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I'd be more open to the claim that the tea party is really most sincerely dead if its critics didn't keep saying so. Their fidgety repetition of that mantra and their citing of off-point opinion polls allegedly proving the claim suggest they know the opposite is true.

President Barack Obama says practically nobody is paying attention to the tea party nowadays - which raises in indelible neon the question of why he is.

Discussing on NBC his view that there's no reason to discuss tea partiers, he tried to link them to moonshiners and the black helicopter set, dismissing them as people with "an anti-federal-government bent." The "vast majority of Americans" reject the idea that Washington has no part to play in economic growth, he said.

Unfortunately for the president and the straw men with whom he socializes, that's an idea that tea partiers reject, too. They can name a million things Congress might do to promote growth, starting with dismantling reams of regulations that keep a choke chain on the economy. (Think: Massive taxes imposed on U.S. companies that bring overseas earnings back home, perversely encouraging them to leave profits abroad rather than invest them here.)

In short, there's plenty for Washington to do if it'll just get busy. But of course, when Obama talks about Washington helping the economy, he means layering on more taxes and regulations, not tearing them out by the roots.

Happily, the tea party is not too concerned about the panicked assurances of its demise. The laughably idiotic hits it takes - terrorist, Nazi, etc. - diminish not one iota the fact that it is the most vital political force in America today. Even some liberals admit this.

"[T]he left has been outworked, outhustled and outgunned by its opponents," one professor wails in a column in the Albany (N.Y.) Times Union. "Where is the broad movement among the left to match the enthusiasm, dynamism and resolve of the Tea Party?"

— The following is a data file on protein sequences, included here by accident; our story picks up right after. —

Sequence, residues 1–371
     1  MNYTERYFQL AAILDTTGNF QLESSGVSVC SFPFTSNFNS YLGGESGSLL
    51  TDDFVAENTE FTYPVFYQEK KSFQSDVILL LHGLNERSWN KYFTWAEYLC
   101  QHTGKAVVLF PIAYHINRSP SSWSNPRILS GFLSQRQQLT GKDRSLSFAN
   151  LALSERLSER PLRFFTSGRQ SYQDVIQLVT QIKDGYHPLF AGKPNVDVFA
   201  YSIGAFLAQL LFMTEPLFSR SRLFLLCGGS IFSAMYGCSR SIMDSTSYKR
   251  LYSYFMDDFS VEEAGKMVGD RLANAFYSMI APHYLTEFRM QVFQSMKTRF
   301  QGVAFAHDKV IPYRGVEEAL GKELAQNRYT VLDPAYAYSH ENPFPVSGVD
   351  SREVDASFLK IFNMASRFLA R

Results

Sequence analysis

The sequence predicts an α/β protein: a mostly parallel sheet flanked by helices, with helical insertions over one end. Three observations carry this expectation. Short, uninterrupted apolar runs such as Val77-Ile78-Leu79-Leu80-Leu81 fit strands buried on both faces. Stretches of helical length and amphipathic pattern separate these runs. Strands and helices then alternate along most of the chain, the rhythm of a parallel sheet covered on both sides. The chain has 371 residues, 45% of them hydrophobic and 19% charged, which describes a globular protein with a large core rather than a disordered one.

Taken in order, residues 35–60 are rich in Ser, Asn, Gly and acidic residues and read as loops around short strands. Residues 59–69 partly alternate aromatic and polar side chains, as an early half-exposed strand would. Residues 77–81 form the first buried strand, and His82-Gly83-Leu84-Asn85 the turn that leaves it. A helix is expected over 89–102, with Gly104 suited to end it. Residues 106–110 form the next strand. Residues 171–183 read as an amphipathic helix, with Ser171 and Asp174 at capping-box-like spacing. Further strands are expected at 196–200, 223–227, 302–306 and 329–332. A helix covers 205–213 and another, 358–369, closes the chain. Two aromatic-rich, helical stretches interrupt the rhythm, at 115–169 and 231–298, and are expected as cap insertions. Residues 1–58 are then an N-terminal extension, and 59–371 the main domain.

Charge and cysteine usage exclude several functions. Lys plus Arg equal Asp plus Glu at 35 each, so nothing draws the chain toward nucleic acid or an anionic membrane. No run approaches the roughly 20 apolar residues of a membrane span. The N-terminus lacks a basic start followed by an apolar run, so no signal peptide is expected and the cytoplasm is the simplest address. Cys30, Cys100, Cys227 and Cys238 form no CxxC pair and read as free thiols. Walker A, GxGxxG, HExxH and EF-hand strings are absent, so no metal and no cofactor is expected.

I know! It's stuck back in Jan. 20, 2009 - the last date Obama could plausibly claim his administration would not be a disaster of Carterian proportions.

But to the larger point, yes, tea partiers are alive and kicking hard, locally as well as nationally. They evidently spooked the daylights out of prospective tax hikers down the freeway in Whitfield County, Ga.

County commissioners had planned to try to slap a 1 percent sales tax increase on consumers via a November ballot referendum at the same time that the city and county school boards were jointly seeking approval by referendum for renewing a separate 1 percent sales tax.

Call them crazy, but tea partiers - and Dalton Mayor David Pennington - weren't convinced that high taxes were a jazzy idea in the midst of an economic meltdown and 12.6 percent local unemployment. (Pennington shrewdly pointed out that the county could attract consumers and economic activity by having a lower tax rate than surrounding counties - aka "the Costco effect.")

So the tea party served notice that it would do what it does so well: peacefully exercise its free speech right to oppose the tax measures.

If officials thought the tea party was a spent political force, they didn't let on. Commissioners unexpectedly entered talks with the city and county schools on delaying one of the two tax referendums for a year. Sure enough, the school boards unanimously agreed to rescind the plan for a vote on their proposed tax.

That means only the county tax referendum will be on the ballot in November. The schools plan to put theirs back on the ballot next year, though it's anyone's guess whether either measure will pass in a time when people aren't cheered by the thought of parting with more of their earnings to make government bigger.

It seems the not-so-dead-after-all tea party's message is still getting across - very nicely, thank you.

If Portland ain't a lot like Dixie ...

It's the gift that won't quit giving.

I refer to Outside magazine's grudging bestowal of the title "best town ever" on Chattanooga - a distinction that the magazine inexplicably lards with a host of Yankeefied reasons why Chattanooga is only modestly more inviting than the Killing Fields.

The article, which reads vaguely like the diary of Al Gore, was written by a resident of Portland, Ore., who is also the author of the upcoming book "Better Off Without 'Em: A Northern Manifesto for Southern Secession." He catalogues Chattanooga's presumed flaws, including "ubiquitous evangelical dogma," "a history of monstrous industrial abuse" and the inadequate trashiness of local women.

Having been given the delicate gift of a free - but full - portable toilet in handy magazine form, the city should have fun trying to market this latest jewel in its crown. At this writing, I don't see a link to the article on the city website, though it may be hiding in there somewhere. I suppose a redacted version would be poor form, and mighty short.

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